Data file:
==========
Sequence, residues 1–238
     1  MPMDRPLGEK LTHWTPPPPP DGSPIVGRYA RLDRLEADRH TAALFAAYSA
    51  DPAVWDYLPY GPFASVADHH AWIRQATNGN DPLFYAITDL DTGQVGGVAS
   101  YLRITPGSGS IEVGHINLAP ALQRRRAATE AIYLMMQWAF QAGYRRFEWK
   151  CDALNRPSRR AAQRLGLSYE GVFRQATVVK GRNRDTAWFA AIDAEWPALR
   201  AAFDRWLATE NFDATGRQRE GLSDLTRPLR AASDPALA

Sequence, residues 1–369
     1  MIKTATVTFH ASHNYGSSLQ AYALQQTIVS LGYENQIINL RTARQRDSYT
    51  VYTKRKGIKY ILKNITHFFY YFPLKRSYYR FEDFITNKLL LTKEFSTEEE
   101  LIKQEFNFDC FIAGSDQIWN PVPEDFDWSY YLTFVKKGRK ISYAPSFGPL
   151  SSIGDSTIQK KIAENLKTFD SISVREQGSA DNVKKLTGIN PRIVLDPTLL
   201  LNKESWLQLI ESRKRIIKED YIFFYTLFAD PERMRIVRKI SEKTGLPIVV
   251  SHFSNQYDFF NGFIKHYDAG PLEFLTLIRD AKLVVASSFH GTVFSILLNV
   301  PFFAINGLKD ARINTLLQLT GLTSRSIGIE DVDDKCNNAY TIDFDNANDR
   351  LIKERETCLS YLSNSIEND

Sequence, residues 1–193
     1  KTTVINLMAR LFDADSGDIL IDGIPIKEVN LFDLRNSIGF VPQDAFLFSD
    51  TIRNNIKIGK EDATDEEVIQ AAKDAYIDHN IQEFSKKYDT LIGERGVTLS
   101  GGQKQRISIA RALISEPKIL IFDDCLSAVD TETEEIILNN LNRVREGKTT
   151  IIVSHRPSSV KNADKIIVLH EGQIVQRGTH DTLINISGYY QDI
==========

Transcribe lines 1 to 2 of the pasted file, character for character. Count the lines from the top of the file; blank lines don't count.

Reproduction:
Sequence, residues 1–238
     1  MPMDRPLGEK LTHWTPPPPP DGSPIVGRYA RLDRLEADRH TAALFAAYSA